But all eyes will be on the couple's children, George aged three and two-year-old Charlotte, who are getting used to travelling overseas having joined their parents in Canada past year for an official trip.
For their parents, the visit to Poland and then to Germany will inevitably be viewed in the context of Brexit. A Kensington Palace spokesman said: "The Duke and Duchess are very much looking forward to this tour and are delighted with the exciting and varied programme that has been put together for it".
It won't have any impact on the negotiations.
It will, the Foreign Office hopes, remind people of the strength of the ties that will endure after the United Kingdom has left the EU.
South Korea offers military, Red Cross talks with DPRK
The two Koreas restarted Cold War-era psychological warfare after the North's fourth nuclear test in January 2016. But he has achieved little progress, with North Korea test-firing a series of newly developed missiles.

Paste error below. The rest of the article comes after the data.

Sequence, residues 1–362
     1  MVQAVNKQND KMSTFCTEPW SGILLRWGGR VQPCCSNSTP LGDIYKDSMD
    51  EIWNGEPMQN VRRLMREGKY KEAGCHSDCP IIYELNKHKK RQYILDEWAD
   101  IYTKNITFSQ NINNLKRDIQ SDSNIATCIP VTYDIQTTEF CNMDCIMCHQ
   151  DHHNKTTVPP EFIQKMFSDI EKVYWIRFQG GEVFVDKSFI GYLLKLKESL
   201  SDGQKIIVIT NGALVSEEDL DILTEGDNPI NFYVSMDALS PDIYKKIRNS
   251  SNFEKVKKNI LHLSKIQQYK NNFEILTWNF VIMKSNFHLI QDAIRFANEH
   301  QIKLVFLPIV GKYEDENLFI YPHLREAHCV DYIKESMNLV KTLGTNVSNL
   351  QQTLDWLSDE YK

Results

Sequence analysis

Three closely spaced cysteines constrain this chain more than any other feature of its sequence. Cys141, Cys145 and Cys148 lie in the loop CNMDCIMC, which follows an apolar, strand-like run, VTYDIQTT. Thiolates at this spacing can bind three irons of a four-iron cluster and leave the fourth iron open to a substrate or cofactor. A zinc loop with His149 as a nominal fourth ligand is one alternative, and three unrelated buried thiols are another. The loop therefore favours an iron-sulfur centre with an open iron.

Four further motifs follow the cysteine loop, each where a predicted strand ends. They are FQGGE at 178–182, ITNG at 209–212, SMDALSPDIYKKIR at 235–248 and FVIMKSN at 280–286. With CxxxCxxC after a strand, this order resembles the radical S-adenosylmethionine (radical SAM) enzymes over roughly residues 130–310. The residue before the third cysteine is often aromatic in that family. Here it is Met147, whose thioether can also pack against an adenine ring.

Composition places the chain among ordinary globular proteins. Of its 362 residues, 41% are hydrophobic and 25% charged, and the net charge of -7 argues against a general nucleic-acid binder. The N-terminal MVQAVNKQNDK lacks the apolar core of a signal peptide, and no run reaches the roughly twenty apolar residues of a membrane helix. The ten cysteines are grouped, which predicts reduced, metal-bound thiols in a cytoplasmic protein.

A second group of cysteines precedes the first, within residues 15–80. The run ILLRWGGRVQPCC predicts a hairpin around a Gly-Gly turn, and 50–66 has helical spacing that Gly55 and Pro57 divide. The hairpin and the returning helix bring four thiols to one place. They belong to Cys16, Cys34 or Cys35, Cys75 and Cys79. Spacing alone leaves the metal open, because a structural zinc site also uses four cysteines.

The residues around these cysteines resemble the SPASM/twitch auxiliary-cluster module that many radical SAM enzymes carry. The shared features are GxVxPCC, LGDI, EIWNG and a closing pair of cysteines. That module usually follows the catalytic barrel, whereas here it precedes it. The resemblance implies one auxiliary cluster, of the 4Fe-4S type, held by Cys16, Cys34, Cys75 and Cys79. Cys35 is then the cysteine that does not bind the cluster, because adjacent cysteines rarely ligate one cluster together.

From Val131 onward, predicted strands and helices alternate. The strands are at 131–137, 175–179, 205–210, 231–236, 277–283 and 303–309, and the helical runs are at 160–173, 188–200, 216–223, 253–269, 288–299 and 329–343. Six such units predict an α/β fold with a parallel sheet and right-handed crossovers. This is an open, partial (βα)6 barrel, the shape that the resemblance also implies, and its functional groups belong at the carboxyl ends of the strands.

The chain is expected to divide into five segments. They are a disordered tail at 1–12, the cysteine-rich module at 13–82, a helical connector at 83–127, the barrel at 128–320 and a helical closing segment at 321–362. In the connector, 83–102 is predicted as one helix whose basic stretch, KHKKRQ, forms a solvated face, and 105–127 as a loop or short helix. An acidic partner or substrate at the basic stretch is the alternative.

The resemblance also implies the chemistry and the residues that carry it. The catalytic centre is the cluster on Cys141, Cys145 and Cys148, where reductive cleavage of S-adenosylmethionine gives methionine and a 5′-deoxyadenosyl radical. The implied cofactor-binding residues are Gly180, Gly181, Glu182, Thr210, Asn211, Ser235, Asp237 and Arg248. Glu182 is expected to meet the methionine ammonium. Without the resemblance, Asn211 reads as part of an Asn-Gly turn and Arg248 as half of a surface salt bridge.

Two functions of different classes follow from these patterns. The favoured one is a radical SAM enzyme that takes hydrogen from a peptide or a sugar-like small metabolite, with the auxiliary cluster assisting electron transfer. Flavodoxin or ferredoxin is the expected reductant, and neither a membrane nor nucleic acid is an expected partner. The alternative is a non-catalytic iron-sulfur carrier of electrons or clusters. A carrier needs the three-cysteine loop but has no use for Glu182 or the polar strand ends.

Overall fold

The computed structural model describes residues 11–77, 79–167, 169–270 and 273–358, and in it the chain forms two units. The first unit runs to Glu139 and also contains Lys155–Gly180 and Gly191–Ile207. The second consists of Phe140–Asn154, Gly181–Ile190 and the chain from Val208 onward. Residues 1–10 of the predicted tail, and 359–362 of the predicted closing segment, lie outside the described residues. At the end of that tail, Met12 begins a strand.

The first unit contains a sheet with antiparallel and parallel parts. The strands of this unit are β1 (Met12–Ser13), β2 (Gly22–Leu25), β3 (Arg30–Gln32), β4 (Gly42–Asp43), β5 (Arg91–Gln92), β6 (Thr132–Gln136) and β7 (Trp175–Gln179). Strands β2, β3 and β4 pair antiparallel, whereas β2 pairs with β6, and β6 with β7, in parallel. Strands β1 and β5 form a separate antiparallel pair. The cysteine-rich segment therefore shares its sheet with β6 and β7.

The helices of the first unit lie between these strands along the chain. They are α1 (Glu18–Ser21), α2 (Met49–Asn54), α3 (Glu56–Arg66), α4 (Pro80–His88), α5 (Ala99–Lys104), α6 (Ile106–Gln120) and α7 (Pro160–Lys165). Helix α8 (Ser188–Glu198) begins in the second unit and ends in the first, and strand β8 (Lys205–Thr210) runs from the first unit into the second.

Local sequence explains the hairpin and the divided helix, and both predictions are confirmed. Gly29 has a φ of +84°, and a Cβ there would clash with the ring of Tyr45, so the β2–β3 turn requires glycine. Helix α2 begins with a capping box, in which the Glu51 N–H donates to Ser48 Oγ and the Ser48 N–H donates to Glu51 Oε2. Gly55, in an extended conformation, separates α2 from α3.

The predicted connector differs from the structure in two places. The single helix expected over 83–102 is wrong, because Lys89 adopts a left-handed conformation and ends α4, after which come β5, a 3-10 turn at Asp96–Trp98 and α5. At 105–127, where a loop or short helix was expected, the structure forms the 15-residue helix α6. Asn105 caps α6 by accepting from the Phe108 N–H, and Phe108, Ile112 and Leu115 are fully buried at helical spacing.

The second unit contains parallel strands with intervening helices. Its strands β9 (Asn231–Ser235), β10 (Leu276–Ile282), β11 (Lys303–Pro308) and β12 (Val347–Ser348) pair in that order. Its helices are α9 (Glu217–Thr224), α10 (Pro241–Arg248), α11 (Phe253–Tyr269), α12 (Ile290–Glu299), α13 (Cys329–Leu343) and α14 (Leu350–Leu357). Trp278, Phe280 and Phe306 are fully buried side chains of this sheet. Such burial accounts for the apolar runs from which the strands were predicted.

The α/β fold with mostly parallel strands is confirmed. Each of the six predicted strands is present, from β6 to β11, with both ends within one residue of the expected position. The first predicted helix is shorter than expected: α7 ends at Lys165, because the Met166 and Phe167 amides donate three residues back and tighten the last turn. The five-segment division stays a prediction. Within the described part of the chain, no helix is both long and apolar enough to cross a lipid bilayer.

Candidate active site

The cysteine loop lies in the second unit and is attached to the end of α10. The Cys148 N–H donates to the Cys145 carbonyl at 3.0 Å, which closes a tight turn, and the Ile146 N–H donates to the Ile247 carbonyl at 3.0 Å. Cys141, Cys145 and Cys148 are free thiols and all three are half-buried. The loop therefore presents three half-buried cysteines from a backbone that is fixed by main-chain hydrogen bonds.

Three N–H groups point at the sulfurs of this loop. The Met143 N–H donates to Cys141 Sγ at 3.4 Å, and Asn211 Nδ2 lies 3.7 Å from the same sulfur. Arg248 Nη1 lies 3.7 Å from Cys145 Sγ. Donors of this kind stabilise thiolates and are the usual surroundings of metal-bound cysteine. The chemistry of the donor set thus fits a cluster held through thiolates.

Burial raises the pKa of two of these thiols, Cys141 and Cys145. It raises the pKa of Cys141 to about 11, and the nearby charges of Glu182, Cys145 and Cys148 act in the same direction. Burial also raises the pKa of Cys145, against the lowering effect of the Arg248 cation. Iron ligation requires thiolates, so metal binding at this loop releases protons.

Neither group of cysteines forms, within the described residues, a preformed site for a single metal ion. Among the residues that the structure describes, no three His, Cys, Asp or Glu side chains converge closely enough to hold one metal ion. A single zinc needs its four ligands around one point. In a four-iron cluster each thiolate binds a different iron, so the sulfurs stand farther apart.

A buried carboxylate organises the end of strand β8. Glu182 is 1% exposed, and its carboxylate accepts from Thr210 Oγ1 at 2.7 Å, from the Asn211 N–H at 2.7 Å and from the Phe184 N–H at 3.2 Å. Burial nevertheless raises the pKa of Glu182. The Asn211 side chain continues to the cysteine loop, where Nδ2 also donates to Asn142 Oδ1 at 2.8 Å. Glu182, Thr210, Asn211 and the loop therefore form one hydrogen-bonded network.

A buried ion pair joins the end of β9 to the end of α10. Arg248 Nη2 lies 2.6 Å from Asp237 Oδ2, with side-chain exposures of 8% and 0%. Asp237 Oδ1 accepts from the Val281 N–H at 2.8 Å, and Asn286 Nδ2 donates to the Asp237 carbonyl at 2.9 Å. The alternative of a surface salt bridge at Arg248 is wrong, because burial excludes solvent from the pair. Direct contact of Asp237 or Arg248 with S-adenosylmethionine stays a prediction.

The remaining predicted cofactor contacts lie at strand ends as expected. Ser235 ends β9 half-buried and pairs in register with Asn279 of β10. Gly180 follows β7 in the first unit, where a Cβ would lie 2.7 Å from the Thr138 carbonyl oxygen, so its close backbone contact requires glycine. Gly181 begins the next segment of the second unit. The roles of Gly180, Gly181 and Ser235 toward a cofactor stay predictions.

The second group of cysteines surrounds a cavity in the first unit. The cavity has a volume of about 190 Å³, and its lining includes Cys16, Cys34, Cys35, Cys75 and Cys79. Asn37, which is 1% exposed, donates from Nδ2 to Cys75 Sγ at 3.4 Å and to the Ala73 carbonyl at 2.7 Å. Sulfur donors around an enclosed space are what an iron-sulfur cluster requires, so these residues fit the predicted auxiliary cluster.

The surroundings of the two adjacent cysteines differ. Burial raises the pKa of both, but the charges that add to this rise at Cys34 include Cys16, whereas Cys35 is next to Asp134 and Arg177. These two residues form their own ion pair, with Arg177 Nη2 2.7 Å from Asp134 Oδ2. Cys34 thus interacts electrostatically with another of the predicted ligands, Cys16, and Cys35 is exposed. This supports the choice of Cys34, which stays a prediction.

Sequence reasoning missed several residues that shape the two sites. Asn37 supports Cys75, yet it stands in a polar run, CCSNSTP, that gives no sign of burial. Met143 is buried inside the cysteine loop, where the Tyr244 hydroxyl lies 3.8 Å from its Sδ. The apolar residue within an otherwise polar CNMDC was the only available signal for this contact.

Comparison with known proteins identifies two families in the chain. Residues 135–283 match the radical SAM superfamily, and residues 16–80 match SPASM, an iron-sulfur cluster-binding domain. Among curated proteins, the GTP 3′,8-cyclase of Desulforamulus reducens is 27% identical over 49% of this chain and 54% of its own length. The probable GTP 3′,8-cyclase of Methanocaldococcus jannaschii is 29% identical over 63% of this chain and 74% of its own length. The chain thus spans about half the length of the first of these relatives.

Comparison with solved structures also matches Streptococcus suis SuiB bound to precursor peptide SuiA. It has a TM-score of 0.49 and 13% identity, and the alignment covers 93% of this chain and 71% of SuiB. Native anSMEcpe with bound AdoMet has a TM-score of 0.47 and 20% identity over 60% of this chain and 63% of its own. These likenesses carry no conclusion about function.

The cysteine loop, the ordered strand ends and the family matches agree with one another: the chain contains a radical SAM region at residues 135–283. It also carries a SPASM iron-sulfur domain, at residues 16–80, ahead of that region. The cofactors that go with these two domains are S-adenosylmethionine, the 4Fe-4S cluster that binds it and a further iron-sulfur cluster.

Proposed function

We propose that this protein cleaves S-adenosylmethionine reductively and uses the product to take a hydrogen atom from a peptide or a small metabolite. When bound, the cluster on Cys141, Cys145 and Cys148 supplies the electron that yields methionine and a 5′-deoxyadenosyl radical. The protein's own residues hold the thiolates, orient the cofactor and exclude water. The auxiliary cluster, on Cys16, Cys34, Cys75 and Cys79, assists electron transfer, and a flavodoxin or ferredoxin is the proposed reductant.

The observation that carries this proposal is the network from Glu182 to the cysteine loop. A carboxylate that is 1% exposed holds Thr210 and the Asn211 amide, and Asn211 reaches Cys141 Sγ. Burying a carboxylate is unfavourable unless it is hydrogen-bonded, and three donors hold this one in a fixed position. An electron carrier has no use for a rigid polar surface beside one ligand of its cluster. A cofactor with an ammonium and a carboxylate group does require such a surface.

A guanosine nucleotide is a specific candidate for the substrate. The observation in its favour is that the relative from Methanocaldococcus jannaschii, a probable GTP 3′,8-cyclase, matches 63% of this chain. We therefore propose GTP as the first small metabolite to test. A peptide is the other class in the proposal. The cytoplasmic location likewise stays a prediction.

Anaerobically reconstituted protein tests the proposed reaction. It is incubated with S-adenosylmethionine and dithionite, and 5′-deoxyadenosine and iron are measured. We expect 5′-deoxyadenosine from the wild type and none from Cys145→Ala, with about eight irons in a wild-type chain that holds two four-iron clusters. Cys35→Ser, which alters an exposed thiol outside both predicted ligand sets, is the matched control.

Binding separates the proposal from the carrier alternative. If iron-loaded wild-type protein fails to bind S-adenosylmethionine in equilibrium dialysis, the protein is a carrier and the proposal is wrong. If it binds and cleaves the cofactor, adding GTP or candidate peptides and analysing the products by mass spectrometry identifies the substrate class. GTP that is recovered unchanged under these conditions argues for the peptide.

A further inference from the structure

It's this mission the royals have pursued in recent months in various European cities.
They will visit the Warsaw Rising Museum, dedicated to the 1944 Polish uprising to liberate Warsaw from German occupation during World War Two. In both countries, William and Kate will meet with survivors of the Holocaust and Nazi oppression.
In March, the Duke and Duchess of Cambridge spent two days in Paris, on their first official visit there as a couple to solidify the relationship between France and the U.K. The trip also marked William's first official visit to the city since his mother, Princess Diana, died in a auto crash there in August 1997.
The race is expected to be one of the key moments of the five-day tour which will include a meeting with German chancellor Angela Merkel, a trip to the Stutthoff concentration camp and a visit led by Lech Walesa to the European Solidarity Movement museum.
William and Kate will take to the waters of the River Neckar to cox opposing rowing teams in a race with crews drawn from Cambridge and Heidelberg.